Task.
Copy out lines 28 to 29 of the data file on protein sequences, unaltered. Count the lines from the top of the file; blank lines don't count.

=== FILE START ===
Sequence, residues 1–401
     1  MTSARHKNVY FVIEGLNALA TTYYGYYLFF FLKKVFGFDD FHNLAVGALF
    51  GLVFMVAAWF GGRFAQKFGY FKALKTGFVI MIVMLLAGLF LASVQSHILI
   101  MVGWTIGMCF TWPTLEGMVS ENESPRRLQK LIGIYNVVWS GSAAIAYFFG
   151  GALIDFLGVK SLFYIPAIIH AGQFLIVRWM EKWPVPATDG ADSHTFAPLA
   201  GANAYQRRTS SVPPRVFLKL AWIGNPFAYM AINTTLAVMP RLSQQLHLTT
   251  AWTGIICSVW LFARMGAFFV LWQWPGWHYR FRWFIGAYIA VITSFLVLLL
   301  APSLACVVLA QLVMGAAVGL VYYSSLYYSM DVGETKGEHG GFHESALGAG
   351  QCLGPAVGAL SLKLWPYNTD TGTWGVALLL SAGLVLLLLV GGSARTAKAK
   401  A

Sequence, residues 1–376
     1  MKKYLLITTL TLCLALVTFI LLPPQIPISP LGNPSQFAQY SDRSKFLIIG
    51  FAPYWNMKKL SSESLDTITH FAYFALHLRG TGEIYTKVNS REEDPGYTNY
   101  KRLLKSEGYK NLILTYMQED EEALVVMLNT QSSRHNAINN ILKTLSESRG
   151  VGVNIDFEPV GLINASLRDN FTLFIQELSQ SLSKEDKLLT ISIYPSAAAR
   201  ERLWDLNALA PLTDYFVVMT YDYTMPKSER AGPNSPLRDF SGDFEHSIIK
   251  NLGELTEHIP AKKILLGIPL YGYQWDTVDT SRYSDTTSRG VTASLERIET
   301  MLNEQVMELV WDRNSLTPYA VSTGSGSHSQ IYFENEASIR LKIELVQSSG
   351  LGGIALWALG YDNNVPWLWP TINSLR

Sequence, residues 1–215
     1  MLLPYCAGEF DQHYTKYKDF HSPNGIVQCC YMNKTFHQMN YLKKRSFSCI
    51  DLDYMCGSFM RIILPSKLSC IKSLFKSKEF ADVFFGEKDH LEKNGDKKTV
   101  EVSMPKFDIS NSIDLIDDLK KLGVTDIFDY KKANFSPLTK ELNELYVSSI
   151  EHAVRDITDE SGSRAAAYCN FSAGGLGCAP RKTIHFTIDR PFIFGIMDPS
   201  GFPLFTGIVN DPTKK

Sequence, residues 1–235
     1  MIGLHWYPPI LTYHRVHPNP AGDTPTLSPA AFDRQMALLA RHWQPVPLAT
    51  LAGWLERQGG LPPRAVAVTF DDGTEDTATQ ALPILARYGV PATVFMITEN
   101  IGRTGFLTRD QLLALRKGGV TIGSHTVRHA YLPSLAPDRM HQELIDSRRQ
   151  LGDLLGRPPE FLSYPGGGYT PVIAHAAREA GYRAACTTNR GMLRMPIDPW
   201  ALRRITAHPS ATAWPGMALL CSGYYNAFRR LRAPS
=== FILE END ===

    51  LAGWLERQGG LPPRAVAVTF DDGTEDTATQ ALPILARYGV PATVFMITEN
   101  IGRTGFLTRD QLLALRKGGV TIGSHTVRHA YLPSLAPDRM HQELIDSRRQ